Why I Don't Take Hot as a Compliment

“Join us for our upcoming event February 10th and 11th! There will be food, fun, and even a fashion show!  Bring your daughters, sisters, mothers, and friends for this – ”

I punched the radio off.

“Modest is hottest…” I muttered under my breath, turning on my blinker for the gym. I get the alliteration; it’s really catchy. The mission itself has accomplished much good. But the name is an utter contradiction.

I’m a fit, healthy woman who enjoys looking great for my husband, kids, and for my own self confidence. But I’m not hot, and I don’t want to be.  Here’s why:

1. My body’s value is  independent of shifting cultural preferences.

The coffee table art book depicted centuries of masterpieces. I flipped through the pages, intrigued by the changes. The women of these paintings came in every shape, size, and color – but depending on the era, there was a common trend. In the 1500s, they were definitely more robust. In the 1700s they had a distinct hourglass. Into the 1800s their hair changed style every decade. In the 1920s a boyish, flapper frame was desirable, and in the forties the waspish hourglass was back in vogue. And now: skinny. Just plain skinny.

If I measured myself against the desirable woman of today, I would be demoralized by my inadequacy. My skin isn’t clear enough, my chest isn’t big enough, my legs aren’t long enough, and my hair is too frizzy. But I don’t measure myself against what I see on People Magazine or in Pinterest. My body’s value does not have to be dependent on what the world I live in thinks is ‘hot’.

Because frankly, they’re wrong.

Only two centuries ago, the ‘desirable woman’ was a size 16. At my size 6, in their day I would have been the odd woman out! Since culture changes so often in its opinion of ‘gorgeous’, I’ve decided to ignore their opinion completely. While they waffle about their standards of beauty, I’ll decide for myself what beautiful is.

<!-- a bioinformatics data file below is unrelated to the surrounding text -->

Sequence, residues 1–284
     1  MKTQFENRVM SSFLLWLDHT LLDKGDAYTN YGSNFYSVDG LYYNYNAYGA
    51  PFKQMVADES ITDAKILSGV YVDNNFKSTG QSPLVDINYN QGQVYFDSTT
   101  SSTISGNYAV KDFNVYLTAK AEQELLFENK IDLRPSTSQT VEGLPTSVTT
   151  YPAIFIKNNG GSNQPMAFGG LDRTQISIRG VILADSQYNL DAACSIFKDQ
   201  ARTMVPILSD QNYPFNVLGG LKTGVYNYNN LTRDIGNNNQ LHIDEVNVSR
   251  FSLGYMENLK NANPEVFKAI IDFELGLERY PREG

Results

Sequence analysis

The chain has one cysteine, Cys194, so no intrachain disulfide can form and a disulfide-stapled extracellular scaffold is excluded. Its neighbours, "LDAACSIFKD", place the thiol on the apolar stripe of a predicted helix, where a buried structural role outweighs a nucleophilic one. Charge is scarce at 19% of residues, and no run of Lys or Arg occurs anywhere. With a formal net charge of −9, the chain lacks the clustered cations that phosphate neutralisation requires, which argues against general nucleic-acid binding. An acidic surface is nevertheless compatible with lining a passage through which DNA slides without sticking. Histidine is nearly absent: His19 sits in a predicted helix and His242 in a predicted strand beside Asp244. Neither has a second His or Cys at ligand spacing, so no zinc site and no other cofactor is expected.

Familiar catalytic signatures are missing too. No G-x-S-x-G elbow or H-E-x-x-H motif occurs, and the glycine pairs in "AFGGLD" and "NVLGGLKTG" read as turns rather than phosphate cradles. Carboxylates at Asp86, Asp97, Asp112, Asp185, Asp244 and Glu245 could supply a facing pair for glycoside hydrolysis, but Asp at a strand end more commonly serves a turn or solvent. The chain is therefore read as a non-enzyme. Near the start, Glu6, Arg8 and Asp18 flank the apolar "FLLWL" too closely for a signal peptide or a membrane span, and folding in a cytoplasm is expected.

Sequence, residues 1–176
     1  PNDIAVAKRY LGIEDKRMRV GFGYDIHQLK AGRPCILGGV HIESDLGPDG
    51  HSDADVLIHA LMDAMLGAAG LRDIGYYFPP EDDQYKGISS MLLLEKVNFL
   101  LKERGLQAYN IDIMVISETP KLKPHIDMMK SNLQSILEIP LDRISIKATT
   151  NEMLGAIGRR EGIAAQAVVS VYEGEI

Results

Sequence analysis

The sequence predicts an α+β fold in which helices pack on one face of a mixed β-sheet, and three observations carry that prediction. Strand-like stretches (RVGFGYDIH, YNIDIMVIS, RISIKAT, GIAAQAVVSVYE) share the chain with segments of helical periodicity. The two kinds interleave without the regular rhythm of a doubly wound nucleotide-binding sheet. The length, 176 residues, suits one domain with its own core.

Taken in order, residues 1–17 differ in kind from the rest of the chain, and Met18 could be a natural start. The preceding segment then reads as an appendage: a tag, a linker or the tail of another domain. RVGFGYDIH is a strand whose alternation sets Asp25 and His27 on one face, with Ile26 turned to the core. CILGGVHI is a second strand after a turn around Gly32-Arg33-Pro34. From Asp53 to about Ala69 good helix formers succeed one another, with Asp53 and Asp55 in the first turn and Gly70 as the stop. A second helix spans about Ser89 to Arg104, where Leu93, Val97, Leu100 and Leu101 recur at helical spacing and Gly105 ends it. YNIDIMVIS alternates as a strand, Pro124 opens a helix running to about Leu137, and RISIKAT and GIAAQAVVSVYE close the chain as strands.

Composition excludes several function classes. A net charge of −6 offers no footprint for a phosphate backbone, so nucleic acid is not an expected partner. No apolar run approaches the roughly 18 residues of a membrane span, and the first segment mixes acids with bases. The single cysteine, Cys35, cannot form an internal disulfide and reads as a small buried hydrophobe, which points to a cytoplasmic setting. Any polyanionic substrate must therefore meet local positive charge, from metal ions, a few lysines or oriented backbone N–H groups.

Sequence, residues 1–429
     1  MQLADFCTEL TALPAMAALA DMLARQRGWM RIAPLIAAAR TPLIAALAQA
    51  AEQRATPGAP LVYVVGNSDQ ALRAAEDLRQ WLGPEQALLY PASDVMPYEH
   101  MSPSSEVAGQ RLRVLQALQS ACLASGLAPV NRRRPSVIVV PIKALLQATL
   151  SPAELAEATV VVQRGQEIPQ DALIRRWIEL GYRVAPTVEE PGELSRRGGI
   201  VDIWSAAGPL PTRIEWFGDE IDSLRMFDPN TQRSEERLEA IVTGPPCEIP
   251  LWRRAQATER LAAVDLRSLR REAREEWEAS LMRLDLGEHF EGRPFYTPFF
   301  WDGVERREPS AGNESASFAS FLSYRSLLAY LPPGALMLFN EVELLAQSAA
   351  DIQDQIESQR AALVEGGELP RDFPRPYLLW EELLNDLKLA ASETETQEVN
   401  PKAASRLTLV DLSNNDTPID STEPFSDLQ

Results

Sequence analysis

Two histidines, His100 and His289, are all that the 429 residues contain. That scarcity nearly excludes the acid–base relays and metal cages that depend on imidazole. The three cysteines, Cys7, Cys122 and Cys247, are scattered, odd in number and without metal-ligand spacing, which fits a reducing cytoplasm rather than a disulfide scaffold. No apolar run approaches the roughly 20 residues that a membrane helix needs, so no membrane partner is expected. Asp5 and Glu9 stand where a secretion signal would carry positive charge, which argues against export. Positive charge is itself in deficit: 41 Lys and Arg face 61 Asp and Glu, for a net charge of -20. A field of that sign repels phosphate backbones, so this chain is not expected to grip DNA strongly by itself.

2. My spirit, mind, and health are more important than physical appearance.

One major reason I’m not a ‘hot girl’ is because ‘hotness’ pertains only to physical appearance. I’ve never met someone with a ‘hot mind’ or a ‘hot heart’. The word ‘hot’ is a sexual term related to how worked up a guy or girl gets by the other person’s sexual appeal. Look it up. It’s slang for sexual excitement.

I haven’t worked this hard to be an intelligent, accomplished, spiritually grounded being to accept being referred to in slang terms. I’m too good for that. And so are you.

I have made and still make every effort to improve my spirit by seeking God. My God-orientation requires me to value myself and others because God values people. He would never want me to be demeaned, and would be grieved if I allowed that myself. Women who are seeking to improve their spirit, mind, and health (not just physically) are not flattered by or attracted to sub-par overtures. They don’t take ‘hot’ as a compliment because hotness ignores all facets of character and intelligence. It is not something to be sought after.

3. My external attractiveness is dependent upon the state of my spirit, mind, and health.

When my spirit is yielded to God, I’m a pretty nice person. When it’s not, I can be a very difficult to live with.

A Christian woman should be growing steadily more attractive with time because she is growing steadily into her relationship with God, the source of all things beautiful. The external beauty of a woman is inseparably linked to the state of her spirit, mind, and health.

I once read that Megan Fox, one of Hollywood’s ‘hottest’ actresses, is a one of the worst actresses to work with on set. She is known to be difficult, petty, and proud. She may have all the looks, but her spirit and mind are never renewed. In a long term relationship, a woman of that caliber quickly grows stale. But a woman whose happiness is sourced in eternal joy and whose mind is spent on meaningful things will always be attractive and interesting.